The week before meatloaf week, I got my first organics home delivery. The produce is gorgeous and seems to always include greens. I sauteed some kale for my mom, who was here watching Sam. I may have shared the recipe with you before - it's my simple saute that I usually do with spinach in garlic, olive oil, pepper flakes, and golden raisins. You finish it with slivered almonds and sherry vinegar. It's good with spinach and fabulous with kale, I think.

The reason I bring this up is because my mother said that she liked it (thank goodness), and that she believed it was her first experince with kale! It is true that we never really ate greens other than salad growing up. And now I think Dad (the chef in the family) uses collards and chard sometimes, but certainly did not when I was a kid. Then I started thinking about all the things that I now consider part of my diet, like beets and greens and winter squashes, that I didn't grow up with. Mom asked me how I even found out that I liked kale. I didn't know. What makes us want to experiment? It might have been the TV!

Next on my experimentation list is kohlrabi. What in the world do you do with that thing?

Saturday, September 11, 2010

Breads of the veggie variety

I combined the idea of Sam eating vegetables with Sam eating a variety of cold lunches at school, and I came up with carrot cake and zucchini bread! Although the recipes call for white flour, I went ahead and substituted half the amount for whole wheat flour, thinking that that makes the breads even healthier! I don't know how the cups of sugar figure into the health equation, but I have a feeling there is a direct and negative effect. Hm.
That's a photo of banana bread because I forgot to photograph the zuke bread. Does it look weird? Trader Joe's is now on my shit list! (I know, this is the first curse word on this blog. I hope I have not driven you away. It won't happen again. Well, no promises.) The reason I am mildly annoyed with my beloved TJs is that they packaged baking soda (that's bicarbonate for my British readers) in the same sort of container as baking powder! What? Everyone knows that soda comes in the box and you use the flap to level off your scoop. The powder comes in a can with a 1/3 cover-like thing that you use to level your scoop. Well, TJs used the can for the soda! When I grabbed my supply of baking powder out of the cabinet I discovered - yikes - that it was baking soda. Curses! Meaning I had to bake bread with no powder. I know that they have different functions and was fairly certain that my bread would rise anyway because we do have Irish soda bread which, of course, uses baking soda as the leavener. But, knowing that one often uses both white powdery substances in baked goods, I did worry a tad. The bread rose, but not normally. It was good, so hey.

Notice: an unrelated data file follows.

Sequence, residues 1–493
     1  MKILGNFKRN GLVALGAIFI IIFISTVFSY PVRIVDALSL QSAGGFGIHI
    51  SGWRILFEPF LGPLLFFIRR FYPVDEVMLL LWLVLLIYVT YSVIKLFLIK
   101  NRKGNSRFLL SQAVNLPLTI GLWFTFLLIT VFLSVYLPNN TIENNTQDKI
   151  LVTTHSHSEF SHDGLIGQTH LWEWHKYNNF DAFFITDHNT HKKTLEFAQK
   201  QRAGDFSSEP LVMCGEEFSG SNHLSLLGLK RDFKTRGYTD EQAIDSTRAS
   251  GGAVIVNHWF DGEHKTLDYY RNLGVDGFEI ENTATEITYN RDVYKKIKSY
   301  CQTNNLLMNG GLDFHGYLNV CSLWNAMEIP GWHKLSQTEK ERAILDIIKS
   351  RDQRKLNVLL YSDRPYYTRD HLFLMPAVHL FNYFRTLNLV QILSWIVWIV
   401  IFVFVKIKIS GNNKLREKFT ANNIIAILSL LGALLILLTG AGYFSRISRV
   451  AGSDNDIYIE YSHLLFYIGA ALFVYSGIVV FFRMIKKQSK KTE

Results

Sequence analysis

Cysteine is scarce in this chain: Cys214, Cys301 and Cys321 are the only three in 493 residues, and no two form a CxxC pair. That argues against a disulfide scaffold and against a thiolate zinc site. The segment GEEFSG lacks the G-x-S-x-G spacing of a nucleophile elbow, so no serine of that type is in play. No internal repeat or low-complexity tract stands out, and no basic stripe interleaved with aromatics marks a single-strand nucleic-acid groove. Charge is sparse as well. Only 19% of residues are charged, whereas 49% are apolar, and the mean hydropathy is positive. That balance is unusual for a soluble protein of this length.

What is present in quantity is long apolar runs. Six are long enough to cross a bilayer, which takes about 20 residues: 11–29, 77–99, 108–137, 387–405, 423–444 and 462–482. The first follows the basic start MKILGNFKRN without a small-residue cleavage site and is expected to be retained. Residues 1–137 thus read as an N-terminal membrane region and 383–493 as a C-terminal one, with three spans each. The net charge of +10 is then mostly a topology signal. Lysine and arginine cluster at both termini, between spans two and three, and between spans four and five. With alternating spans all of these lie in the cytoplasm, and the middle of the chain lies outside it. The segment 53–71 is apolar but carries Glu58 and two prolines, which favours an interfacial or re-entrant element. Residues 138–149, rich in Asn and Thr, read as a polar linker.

Monday, September 6, 2010

Cramp in My Style

I have gone back to work. This puts a serious cramp in my blogging schedule, not to mention my cooking schedule.

I did a trial run during Sam's first week of daycare. The trial being: Can I cook dinner, prepare lunches, get myself and Sam ready in the morning, and so on. I only went to work a couple of those days, and cleaned the house during the others. The trial was me waking up at 5am, trying to exercise and ready myself, and make Sam's lunch and get him up and eating breakfast. Turns out that is too much to do in the morning.
The trial also included me hanging out in the kitchen all day Sunday. I prepared a couple soups and a few items for lunch. I even made Sam empanadas which - surprise - he didn't like.
I made bread for breakfast and lunches, too. It was a recipe I found on the back of my whole wheat bread package that called for "cracked wheat" and "cracked rye," neither of which can be found. I substituted wheat berries, thinking I would crack them myself with a rolling pin. That didn't work. So we had incredibly chewy bits in the bread. So chewy that it prompted Josh to ask about their identity, which is his way of saying that he doesn't like something. "Hm, what is this?" He manages to wipe all curiosity out of his tone so that you get the message. It was good bread, the wheat berries just needed more soaking so that you could chew them ... at all.
I made a soup that I have featured here already: Lydia Bastianich's vegetable soup. I got to include more potatoes from our garden. Yippee.
The second soup was a Jacques Pepin recipe: Corn Soup. You use hominy and tomatoes, thyme and cumin, then add fresh corn and cilantro. It was delicious.